Remember Malinga recently and Mendis. If I look up example its increasing. Sometimes, its not pitches' fault or bowlers fault. But as you said Captains psyche go crazy whenever Tail starting show their Teeth. Harbie has done this many times in ODI and he has started to do this in Test, he even did it with Kumble sometimes quite often.

But one thing always have baffled me.

WHERE On earth are those UNPLAYABLE pacy YORKERS ?

greyblazer said...

Now everyone knows that if just one wicket is left and a decent batsman is still batting, the captain would invariably set defensive fields for the better batsman and attacking fields for the tailender. What it has made is, the tailender would just look to defend everything and won't play the wild slog. Oh! I miss Walsh playing those slogs!

Yorkers? It may soon become extinct as it seems like every bowler wants to bowl the cutters and slower bouncers.

Masuud said...

Nice one this. Surely, recently there have been some amazing last wicket stands. Agree with your strategy points and knowledge_eater point of captains freaking out.
Also I think its more to do with tailenders taking batting really seriously since the last decade. Averages of most tailenders (no 10 & 11) are now 10+; gone are the days when they used to average 5-6 (Obviously, the likes of Mcgrath & Chris Martin will always remain exceptions).

p.s. If you had added the recent ODI ones; SL one (Malinga etc) and Pak-NZ Champions Trophy one (Amir-Ajmal), it would've made some list.

Anonymous said...

Aaaah, that last wicket ... oh god, visions of Cardiff 2009 are coming back.


greyblazer said...


Yes tailenders have improved but the captains have become robots who follow the same plan.

greyblazer said...


How could I have forgotten that? No I didn't include it deliberately so that you won't cry lol.

Mykuhl said...

As a New Zealander, I have been witness to some of the most humiliating final wicket stands against my team. That would rate as the second worst (behind the Gillespie-McGrath fiasco).

One thing that leads to it though is the type of bowling attack that New Zealand have. The hallmark of New Zealand's bowling is subtlety. There are no fast bowlers, and no big spinners in the team.

Most of the fast-medium bowlers rely on making sure the ball is in a slightly different place at a slightly different time than the batsman expects. This leads to good batsmen mistiming their shots, or edging them. This subtlety however does not work against bad batsmen. They are used to not knowing exactly where the ball is going to be, and have developed techniques to deal with that.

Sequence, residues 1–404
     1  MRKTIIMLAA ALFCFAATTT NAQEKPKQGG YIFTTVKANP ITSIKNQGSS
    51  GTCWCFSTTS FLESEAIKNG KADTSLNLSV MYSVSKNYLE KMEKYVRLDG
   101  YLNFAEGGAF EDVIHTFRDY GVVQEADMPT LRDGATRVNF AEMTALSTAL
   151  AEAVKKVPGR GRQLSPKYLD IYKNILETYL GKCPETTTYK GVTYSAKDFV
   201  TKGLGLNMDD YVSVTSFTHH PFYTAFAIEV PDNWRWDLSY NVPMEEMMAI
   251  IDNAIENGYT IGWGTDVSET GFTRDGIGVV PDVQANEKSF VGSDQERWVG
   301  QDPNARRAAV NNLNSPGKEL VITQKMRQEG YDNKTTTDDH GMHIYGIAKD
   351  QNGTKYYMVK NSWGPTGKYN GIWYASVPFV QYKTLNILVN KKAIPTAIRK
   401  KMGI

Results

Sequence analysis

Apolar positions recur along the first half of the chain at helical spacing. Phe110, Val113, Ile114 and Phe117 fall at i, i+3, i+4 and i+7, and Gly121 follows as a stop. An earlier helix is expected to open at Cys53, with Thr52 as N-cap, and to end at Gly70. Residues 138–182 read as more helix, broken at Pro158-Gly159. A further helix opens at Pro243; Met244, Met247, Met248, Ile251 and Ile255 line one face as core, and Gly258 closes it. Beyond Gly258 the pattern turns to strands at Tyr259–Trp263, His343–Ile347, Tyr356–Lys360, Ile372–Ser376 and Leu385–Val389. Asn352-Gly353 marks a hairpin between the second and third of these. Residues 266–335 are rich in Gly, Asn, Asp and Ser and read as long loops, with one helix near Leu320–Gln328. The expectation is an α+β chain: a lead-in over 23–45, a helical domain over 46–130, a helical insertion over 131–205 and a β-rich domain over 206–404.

Likewise Vettori gets batsmen out by making the ball arrive a little before or after they are expecting it to, not by turning it past the bat.

This subtlety is extremely effective against good batsmen who are trying to attack. It is not so good against batsmen that are just trying to defend.

I think that you are right, the captaincy is a big issue here. Set fields that encourage tail-enders to attack, and then the bowlers have a chance to clean up the tail.

Vettori is generally turning into a good captain. But I feel than he needs to start captaining more like he bats (unorthodox, aggressive) than like he bowls (orthodox, defensive).

greyblazer said...


Welcome to the blog!! Yeah NZ don't have fast bowlers but even medium pacers can try a yorker or two like Bravo has just done it against Lanka.It is better to try a yorker than those slower bouncers or cutters. Against Sree, Vettori for some reason didn't bowl that arm ball as well as he usually does.

Vettori can get defensive when NZ seems to have a good chance of winning the match! Do you remember the final test against Pakistan when inspite of Pak. being million runs behind Vettori didn't have enough fielders in attacking position and NZ couldn't win.

Mykuhl said...

yes, I remember it too well. I often wonder if Vettori wants to be remembered for fighting draws, than for winning test matches.

In the last 5 years New Zealand took a wicket every 55 balls under Fleming, and every 71 balls under Vettori. This is the difference between winning games and drawing them.

greyblazer said...

Yeah I think Vettori seems to be intent on drawing the matches.Any captain should look to win first and if that isn't possible look for a draw.

Now I see that Kiwis have lost 5 wickets but if they had played for a win maybe they could have been 1-0 up in the series.

Yes Harby played very well but I have seen so many times even tricks like tempting the aggressive batsman to play against the spin with say long off up working but Vettori spread the field too soon.